Microarray Design and Analysis. Jeremy D. Glasner. Genetics 875 November 20, 2007. What is a Microarray?. A collection of DNA sequences arrayed on a solid substrate usually with thousands of individual DNA spots. Gene expression analysis. Massively parallel biochemistry aimed
Download Policy: Content on the Website is provided to you AS IS for your information and personal use and may not be sold / licensed / shared on other websites without getting consent from its author.While downloading, if for some reason you are not able to download a presentation, the publisher may have deleted the file from their server.
Microarray Design and Analysis
Jeremy D. Glasner
November 20, 2007
What is a Microarray?
A collection of DNA sequences arrayed on a solid substrate
usually with thousands of individual DNA spots
Gene expression analysis
Massively parallel biochemistry aimed
at measuring RNA levels
Why do gene expression analysis?
Typical gene expression experiment
TraSH: transposon site hybridization
Genome wide localization of insertion mutations
Sassetti CM, Boyd DH, Rubin EJ. Proc Natl Acad Sci U S A. 2001 98(22):12712-7
CGH: Comparative genome hybridization
Rajashekara G, Glasner JD, Glover DA, Splitter GA. J Bacteriol. 2004 186(15):5040-51.
ChIP-Chip: Chromatin immunoprecipitation, chip hybridization
a.k.a. genome-wide occupancy profiling
Identify the chromosomal locations of a DNA binding protein
Flow of Information in Array Analyses
Experimental Design Issues
Number of Replicates
What samples should be compared?
Directly on same chip/across arrays?
Calibrators and common references
What controls are necessary?
Considerations when designing the sequences for a chip
ORF, UTR, functional RNA prediction
Array Design, Replication
Sensitivity vs. specificity as a function of oligo length
They are inversely related
Hughes TR, et al., Nat Biotechnol 2001. Apr;19(4):342-7.
Two methods for array production
Perfect Match and Mismatch
Average Difference Values
A “probe set”
A “probe pair”
Flexibility of NimbleGen Arrays
RNA samples are extracted for the experiment and fluorescent dyes are incorporated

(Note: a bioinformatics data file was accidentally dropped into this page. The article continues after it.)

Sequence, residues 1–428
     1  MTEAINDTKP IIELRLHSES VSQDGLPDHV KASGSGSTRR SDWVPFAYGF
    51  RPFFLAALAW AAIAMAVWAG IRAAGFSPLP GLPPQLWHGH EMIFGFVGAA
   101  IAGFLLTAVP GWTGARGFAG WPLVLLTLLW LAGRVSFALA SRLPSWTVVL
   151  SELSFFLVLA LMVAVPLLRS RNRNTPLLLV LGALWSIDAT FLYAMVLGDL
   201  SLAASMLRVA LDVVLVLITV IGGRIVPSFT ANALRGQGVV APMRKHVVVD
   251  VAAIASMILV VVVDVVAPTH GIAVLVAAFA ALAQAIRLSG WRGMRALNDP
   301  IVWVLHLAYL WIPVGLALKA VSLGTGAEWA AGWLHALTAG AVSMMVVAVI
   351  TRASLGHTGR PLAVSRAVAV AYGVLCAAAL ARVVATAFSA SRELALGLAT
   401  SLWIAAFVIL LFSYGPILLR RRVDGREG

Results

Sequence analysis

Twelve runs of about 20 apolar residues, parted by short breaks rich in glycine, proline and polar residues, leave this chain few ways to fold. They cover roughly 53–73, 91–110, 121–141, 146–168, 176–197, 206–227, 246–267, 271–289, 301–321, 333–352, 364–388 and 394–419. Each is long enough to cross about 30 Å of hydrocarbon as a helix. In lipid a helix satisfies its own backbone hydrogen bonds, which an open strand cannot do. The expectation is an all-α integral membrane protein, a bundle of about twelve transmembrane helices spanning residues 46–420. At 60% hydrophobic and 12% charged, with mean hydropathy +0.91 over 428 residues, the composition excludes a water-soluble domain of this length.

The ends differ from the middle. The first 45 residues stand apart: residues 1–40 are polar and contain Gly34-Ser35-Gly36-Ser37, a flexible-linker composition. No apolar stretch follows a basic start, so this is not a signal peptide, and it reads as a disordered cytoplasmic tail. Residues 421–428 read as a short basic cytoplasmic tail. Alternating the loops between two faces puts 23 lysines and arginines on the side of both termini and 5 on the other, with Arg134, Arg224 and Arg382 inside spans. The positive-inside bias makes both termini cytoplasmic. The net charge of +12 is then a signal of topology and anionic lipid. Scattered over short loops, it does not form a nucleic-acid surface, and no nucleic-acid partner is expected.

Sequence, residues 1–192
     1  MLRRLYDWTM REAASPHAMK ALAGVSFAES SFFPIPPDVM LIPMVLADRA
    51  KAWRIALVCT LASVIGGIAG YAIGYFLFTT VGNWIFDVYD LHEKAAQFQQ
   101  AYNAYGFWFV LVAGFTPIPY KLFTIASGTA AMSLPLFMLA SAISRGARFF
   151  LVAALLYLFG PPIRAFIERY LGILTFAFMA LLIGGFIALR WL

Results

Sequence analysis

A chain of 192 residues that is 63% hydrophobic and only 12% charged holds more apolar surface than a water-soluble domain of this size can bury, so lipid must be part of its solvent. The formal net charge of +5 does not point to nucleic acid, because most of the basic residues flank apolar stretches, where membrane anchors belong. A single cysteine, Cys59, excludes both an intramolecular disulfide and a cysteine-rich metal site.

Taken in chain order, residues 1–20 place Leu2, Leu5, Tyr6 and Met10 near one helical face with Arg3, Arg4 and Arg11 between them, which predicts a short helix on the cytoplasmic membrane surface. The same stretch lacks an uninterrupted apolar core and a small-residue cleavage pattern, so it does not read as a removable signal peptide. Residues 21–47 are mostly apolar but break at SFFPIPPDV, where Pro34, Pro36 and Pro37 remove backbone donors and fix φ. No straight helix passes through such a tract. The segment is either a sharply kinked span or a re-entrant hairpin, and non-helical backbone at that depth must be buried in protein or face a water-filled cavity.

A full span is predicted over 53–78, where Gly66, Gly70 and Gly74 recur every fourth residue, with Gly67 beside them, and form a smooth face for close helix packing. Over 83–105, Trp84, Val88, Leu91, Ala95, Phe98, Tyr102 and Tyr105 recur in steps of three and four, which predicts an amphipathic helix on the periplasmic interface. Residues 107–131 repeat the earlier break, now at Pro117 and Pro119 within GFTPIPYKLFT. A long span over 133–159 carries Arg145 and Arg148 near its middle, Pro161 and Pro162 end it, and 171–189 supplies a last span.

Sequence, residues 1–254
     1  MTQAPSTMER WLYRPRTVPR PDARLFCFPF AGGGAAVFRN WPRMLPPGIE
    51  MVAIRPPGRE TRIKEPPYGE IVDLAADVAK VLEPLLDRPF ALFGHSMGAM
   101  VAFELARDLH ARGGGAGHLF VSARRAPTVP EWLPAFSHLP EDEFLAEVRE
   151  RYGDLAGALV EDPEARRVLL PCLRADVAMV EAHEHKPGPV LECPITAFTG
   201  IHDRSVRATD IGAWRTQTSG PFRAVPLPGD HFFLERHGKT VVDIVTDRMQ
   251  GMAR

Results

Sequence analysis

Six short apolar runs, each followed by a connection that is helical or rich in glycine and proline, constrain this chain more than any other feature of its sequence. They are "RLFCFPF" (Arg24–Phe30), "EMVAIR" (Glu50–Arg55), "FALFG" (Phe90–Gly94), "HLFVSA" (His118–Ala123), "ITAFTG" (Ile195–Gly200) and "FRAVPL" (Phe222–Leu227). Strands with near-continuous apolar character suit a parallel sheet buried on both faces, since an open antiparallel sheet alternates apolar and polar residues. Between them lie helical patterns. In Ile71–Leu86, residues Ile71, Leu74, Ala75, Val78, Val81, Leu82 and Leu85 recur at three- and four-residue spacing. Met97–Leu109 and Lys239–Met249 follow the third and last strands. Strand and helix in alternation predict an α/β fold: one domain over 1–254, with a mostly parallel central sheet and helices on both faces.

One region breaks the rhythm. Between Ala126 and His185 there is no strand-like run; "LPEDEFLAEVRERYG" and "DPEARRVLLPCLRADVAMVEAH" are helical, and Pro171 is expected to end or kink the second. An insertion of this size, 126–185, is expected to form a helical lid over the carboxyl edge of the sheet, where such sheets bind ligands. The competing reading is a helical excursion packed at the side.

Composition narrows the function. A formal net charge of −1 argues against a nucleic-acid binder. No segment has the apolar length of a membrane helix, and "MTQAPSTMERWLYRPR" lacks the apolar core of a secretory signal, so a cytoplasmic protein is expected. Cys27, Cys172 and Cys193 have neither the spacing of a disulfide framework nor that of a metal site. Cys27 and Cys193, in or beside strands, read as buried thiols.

Direct vs. indirect labeling
Hybridization & Scanning
Automatic Grid Finding
Sum signal intensities in X and Y directions
Estimating Foreground and Background with the “Fixed Circle” Method
Estimating Foreground and Background with the “Histogram” Method
Quality Filtering of Data
From Tseng et al., 2001. NAR 29(12):2549-2557
Data Normalization is necessary if the overall signal differs between experiments and can be complicated if the relationship is nonlinear.
Internal controls can also be used for normalization.
Data from Schadt et al 2001. Journal of Cellular Biochemistry Supplement 37:120-125.
Print Tip Group Normalization
Intensity Dependent Normalization
Assume linear relationship
Apply non-linear normalization
Normalize to “house-keeping genes”
Normalize to internal Standards
Ratio Calculation Methods
Detecting differential expression
Determine which changes are significant:
Fixed cutoff (fold-change>4)
Replication allows assessment of variability
Common statistics such as the t-test are often used for gene expression data. Significance of the value is then determined by referring to the t distribution. This assumes that the data is normally distributed, which may not be true.
Gene expression experiments may require thousands of statistical tests and significance should be adjusted to reflect this. A standard Bonferroni correction is the p-value multiplied by the number of tests but is likely too conservative.
Millenaar et al., BMC Bioinformatics2006, 7:137